Common language? [was re: black hat .cn networks]

David Diaz davediaz at
Thu May 10 16:20:55 UTC 2001

For whatever it's worth, the official language of aviation worldwide 
is English.  It is a standard and a requirement in towers.  Reality 
is that they most likely speak "aviation English" is remote airports. 
Just enough so pilots can understand where to put the plane and were 
not to.  So a common language can be chosen.

My experience with the issue occured a few years back.  Doing some 
work with a large Columbian conglomerate, they sent over they top 
admins for a meeting in the US.  We had native speakers (from Cuba) 
who were also 20-25 year UNIX admin veterans.  A funny thing 
happened... they could not speak common Spanish UNIX.  Each group had 
local terms created for items as simply as Email.  I found it very 
interesting that we basically had to go back to describing something 
like a car as "that thing we sit in with 4 wheels that takes us 

It was an eye opening experience.  I do not believe having 
internationally recognized words such as Email, File system, Disk are 
bad. English is a bastard language with lots of foreign words.  In 
Florida most Spanish speakers use SpanGlish which is a combination of 
Spanish with very useful English words thrown in.  It works, and even 
English only speaks have a good idea of what the conversation is. 
(Yes, it's always about them!! :-)  )


At 2:42 PM +0800 5/10/01, Adrian Chadd wrote:
>On Wed, May 09, 2001, Clayton Fiske wrote:
>>  Nor should you have to learn how to patch and maintain a webserver
>>  to surf the web. But we're not talking about end users, we're talking
>>  about admins. Do admins -have- to learn English? No, but I don't think
>>  it's an unreasonable request when they will be operating a server in
>>  a network where it's the most common language spoken by their fellow
>>  admins, particularly when their machine is in a position to pose a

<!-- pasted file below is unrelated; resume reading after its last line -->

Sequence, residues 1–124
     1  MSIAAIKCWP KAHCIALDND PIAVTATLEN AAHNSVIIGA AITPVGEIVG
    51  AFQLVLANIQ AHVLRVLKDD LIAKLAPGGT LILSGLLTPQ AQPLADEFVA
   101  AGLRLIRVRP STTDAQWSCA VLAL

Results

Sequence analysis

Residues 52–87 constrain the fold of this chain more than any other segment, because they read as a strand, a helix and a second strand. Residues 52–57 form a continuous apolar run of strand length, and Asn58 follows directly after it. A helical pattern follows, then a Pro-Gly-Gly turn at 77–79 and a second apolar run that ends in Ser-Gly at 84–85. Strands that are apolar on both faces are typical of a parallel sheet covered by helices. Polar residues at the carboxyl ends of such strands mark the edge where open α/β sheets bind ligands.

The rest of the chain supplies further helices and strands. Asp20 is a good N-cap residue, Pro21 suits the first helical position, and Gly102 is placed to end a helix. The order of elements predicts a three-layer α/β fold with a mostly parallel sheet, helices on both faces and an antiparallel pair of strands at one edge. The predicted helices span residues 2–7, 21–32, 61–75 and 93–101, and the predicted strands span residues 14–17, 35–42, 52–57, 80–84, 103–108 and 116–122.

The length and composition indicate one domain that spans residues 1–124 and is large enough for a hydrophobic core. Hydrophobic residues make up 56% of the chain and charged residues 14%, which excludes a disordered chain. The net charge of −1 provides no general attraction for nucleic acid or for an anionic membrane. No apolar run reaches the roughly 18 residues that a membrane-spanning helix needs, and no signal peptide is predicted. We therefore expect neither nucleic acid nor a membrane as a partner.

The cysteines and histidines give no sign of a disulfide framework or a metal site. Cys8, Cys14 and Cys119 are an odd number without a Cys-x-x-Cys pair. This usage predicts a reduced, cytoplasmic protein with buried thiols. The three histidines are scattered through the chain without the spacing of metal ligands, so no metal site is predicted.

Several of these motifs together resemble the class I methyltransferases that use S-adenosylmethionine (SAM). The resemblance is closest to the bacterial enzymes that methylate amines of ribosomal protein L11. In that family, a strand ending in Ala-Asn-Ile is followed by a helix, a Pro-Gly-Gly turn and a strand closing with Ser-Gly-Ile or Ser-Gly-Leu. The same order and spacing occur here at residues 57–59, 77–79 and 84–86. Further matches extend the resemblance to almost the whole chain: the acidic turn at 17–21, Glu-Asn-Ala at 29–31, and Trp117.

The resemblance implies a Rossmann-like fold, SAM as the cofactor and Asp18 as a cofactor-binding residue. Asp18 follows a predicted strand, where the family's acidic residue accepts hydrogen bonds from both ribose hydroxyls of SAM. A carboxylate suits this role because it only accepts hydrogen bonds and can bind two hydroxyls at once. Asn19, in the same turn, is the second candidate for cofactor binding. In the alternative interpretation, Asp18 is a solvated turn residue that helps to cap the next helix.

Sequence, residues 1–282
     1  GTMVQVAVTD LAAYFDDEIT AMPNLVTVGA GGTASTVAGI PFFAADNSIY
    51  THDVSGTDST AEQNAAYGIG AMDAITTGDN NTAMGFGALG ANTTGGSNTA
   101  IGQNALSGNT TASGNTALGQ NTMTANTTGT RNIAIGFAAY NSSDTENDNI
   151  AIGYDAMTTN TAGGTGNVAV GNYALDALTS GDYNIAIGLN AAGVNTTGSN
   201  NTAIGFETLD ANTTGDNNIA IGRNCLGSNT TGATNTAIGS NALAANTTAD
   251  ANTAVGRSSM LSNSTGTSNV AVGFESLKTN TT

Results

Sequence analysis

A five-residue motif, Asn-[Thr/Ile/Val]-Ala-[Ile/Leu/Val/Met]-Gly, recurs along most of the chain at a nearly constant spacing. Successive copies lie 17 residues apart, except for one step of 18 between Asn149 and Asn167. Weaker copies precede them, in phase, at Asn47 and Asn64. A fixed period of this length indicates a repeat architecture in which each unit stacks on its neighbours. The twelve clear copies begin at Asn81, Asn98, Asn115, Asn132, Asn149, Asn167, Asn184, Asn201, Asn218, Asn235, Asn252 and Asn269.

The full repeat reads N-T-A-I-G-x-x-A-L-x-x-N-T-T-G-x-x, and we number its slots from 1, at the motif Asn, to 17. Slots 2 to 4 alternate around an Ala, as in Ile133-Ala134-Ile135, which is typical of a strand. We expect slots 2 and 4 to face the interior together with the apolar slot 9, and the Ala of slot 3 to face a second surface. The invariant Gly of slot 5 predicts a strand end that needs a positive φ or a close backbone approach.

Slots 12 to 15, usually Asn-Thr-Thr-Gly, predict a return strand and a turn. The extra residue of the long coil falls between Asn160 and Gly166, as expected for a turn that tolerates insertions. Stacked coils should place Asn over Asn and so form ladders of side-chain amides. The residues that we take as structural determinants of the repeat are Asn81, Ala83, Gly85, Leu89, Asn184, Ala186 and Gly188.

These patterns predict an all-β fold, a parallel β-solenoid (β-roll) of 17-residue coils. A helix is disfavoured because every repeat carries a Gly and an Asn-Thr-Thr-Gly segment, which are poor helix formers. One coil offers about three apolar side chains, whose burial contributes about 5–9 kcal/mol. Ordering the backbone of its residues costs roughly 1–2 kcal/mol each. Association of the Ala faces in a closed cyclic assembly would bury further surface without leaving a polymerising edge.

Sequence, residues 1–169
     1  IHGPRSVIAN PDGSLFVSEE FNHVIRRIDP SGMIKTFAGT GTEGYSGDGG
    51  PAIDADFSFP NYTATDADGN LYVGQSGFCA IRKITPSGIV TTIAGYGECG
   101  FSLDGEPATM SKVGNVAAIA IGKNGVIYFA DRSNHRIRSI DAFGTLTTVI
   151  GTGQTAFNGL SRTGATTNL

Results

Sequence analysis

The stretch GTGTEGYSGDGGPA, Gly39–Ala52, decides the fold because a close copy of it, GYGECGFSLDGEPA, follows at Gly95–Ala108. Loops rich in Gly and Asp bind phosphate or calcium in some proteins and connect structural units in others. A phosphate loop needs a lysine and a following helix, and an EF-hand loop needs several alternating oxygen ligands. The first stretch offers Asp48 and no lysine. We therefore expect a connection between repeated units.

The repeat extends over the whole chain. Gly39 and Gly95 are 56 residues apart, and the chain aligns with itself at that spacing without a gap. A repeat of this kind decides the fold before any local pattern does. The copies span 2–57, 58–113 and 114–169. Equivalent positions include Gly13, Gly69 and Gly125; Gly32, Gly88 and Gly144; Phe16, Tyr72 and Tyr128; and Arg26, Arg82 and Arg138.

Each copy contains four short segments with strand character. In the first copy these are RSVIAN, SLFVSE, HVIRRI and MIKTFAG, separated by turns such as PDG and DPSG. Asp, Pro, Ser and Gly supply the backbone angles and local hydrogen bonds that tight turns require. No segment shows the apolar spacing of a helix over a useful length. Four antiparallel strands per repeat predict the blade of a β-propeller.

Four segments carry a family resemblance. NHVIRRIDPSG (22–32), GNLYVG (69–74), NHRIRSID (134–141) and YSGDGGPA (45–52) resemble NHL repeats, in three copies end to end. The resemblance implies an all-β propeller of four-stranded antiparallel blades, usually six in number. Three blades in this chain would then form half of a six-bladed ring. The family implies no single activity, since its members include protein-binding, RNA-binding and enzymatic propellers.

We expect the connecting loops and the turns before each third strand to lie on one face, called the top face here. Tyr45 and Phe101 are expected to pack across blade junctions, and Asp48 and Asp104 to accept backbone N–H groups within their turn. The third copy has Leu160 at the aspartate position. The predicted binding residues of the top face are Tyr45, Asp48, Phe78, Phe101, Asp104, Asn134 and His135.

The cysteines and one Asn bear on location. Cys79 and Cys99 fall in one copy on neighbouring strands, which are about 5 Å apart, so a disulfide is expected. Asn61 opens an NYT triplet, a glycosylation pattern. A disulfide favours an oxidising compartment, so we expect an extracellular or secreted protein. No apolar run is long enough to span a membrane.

>>  security risk to others' machines and networks.
>"fellow admins" ? What, the admins they:
>* hang out with in their city?
>* on irc?
>* in a newsgroup?
>* through IM type clients?
>>  But I guess wanting to be able to deal with operational issues in a
>>  common language, whether it's English or not, makes me USA-centric...
>no, that doesn't make you USA-centric. Wanting people to speak English
>because its the "standard language" .. what "standard language" ?
>Wanting people to speak English because the internet and computing
>in general was invented by Americans - well, guess we're all going
>to have to speak Chinese since they invented gunpowder.
>You want a globally-self-regulating internet, yet you want English to
>be the "standard language" ?
>A common language for internet operations would be a good thing.
>Now, how do you encourage people to learn and speak it?
>As a fun thought experiment - imagine for a moment how you'd feel if
>you had to learn Chinese (and you obviously didn't speak it!),
>but you couldn't move to Chinese. Everyone around you still speaks English
>(so you don't get the practice/exposure needed) but you get net-related
>emails in Chinese. Some of your software is written in Chinese, but
>all the modern stuff has an English option.
>Welcome to planet earth. please enjoy your stay.
>This is my last post on the topic.
>Adrian Chadd			"How could we possibly use sex to get
><adrian at>	  what we want?
>				   Sex _IS_ what we want!" -- Fraser

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